So I'm kicking around an idea for an assignment, maybe designed as a webquest or wiki-type thing, where students choose a government service, program, agency or policy and have to write something about it, including what it is, how it might affect their lives and, using what they have learned in the class, why it exists. What I'd really like is to have every student choose a different topic from a list I give them, if for no other reason than for them to see that there are literally hundreds of things the government does that potentially affect them. The list would have to get pretty specific - I'm thinking of policies as specific as 'tax deduction for mortgage interest' or 'seatbelt requirements' as well as broad services and programs like 'national defense' or 'unemployment insurance'. I'm not entirely sure I could come up with 500 different things but I bet I could come up with enough to make an impression on them...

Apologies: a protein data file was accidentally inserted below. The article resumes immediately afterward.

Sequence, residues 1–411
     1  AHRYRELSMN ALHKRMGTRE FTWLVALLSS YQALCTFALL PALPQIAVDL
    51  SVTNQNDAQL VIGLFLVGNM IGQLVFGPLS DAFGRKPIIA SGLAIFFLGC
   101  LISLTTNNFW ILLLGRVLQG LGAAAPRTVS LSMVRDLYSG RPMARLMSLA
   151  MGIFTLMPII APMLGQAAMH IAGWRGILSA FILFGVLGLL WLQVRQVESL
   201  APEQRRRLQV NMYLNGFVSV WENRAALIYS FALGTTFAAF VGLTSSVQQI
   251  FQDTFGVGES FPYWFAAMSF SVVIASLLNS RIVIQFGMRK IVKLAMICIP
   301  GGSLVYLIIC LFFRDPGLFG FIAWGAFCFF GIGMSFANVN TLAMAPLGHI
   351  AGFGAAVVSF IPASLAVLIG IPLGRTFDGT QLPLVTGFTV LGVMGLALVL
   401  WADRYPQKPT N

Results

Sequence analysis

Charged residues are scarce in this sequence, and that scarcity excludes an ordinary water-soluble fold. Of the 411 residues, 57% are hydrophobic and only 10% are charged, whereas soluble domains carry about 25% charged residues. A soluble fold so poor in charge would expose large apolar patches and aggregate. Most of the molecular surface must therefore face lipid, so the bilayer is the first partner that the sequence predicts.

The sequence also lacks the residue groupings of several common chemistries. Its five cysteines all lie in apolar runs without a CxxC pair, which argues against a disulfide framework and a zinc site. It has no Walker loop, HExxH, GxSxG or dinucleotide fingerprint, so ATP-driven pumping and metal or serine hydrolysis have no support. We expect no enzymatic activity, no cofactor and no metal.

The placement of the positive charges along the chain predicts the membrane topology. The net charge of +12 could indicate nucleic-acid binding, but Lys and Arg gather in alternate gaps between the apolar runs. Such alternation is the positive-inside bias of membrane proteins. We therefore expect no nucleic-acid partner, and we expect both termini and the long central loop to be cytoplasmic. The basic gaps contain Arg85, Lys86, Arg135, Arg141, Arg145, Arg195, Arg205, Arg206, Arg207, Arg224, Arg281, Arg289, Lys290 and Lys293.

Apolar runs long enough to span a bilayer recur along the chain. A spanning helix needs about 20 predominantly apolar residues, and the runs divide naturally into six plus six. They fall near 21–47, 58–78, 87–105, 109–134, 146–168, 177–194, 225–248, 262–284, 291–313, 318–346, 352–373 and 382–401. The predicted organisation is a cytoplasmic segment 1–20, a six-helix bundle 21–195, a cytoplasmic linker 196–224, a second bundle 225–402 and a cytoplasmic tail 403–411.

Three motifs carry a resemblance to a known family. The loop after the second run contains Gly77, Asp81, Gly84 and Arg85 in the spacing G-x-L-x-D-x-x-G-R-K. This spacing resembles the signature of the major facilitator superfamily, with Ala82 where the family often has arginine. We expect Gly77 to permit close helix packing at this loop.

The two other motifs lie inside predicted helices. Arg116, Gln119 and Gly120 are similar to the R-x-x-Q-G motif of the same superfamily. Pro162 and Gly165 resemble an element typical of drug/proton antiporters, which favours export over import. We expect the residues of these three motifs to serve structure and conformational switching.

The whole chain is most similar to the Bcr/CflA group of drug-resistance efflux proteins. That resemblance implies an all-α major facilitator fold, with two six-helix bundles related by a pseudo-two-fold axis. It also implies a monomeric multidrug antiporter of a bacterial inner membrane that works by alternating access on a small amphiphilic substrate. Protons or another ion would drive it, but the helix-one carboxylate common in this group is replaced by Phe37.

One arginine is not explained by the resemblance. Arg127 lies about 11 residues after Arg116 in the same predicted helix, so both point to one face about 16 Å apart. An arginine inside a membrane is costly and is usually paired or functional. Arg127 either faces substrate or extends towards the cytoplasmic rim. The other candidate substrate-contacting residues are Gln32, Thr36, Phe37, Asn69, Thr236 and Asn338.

Tuesday, April 14, 2009

Fun and useful site

Greg Delemeester uses a blog to post an Econ Bonus Question of the Week for his classes. You need to be one of his students to get the extra points for answering but that doesn't mean the rest of us can't benefit from the great questions he comes up with. Since I've just finished covering asymmetric information in my Principles class, I'll be posting a link for my students to his most recent post which asks:
Suppose that a company offers "grade insurance" that works as follows: For each course in which you get a grade below a C, the insurance company pays you $500. Before offering the insurance policy for sale, the insurance company looks over the transcripts of university students and finds that on average 10% of all grades are below a C. Explain why the insurance company would be incorrect in assuming that it would only have to pay claims on about 10% of its policies. What is the implication of your analysis for the optimal premium (i.e., price) the company should charge its customers?